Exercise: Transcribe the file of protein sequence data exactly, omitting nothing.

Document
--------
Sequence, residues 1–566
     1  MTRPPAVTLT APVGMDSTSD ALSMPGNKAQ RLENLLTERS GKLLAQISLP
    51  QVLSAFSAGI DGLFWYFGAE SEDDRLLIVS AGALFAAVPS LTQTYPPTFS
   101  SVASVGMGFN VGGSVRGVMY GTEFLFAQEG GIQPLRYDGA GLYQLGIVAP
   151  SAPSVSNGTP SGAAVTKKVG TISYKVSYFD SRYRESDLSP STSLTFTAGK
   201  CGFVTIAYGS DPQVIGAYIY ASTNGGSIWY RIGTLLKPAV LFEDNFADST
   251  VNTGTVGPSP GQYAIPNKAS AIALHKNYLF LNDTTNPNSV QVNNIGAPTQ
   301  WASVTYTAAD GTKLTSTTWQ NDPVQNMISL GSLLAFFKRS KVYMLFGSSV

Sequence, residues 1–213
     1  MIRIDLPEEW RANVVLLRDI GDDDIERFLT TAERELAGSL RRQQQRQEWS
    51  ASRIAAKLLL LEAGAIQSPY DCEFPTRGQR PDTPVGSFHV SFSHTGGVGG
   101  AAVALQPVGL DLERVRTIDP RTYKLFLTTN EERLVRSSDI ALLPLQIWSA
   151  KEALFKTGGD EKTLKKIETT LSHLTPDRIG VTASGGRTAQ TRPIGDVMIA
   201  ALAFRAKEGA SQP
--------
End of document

Sequence, residues 1–566
     1  MTRPPAVTLT APVGMDSTSD ALSMPGNKAQ RLENLLTERS GKLLAQISLP
    51  QVLSAFSAGI DGLFWYFGAE SEDDRLLIVS AGALFAAVPS LTQTYPPTFS
   101  SVASVGMGFN VGGSVRGVMY GTEFLFAQEG GIQPLRYDGA GLYQLGIVAP
   151  SAPSVSNGTP SGAAVTKKVG TISYKVSYFD SRYRESDLSP STSLTFTAGK
   201  CGFVTIAYGS DPQVIGAYIY ASTNGGSIWY RIGTLLKPAV LFEDNFADST
   251  VNTGTVGPSP GQYAIPNKAS AIALHKNYLF LNDTTNPNSV QVNNIGAPTQ
   301  WASVTYTAAD GTKLTSTTWQ NDPVQNMISL GSLLAFFKRS KVYMLFGSSV

Sequence, residues 1–213
     1  MIRIDLPEEW RANVVLLRDI GDDDIERFLT TAERELAGSL RRQQQRQEWS
    51  ASRIAAKLLL LEAGAIQSPY DCEFPTRGQR PDTPVGSFHV SFSHTGGVGG
   101  AAVALQPVGL DLERVRTIDP RTYKLFLTTN EERLVRSSDI ALLPLQIWSA
   151  KEALFKTGGD EKTLKKIETT LSHLTPDRIG VTASGGRTAQ TRPIGDVMIA
   201  ALAFRAKEGA SQP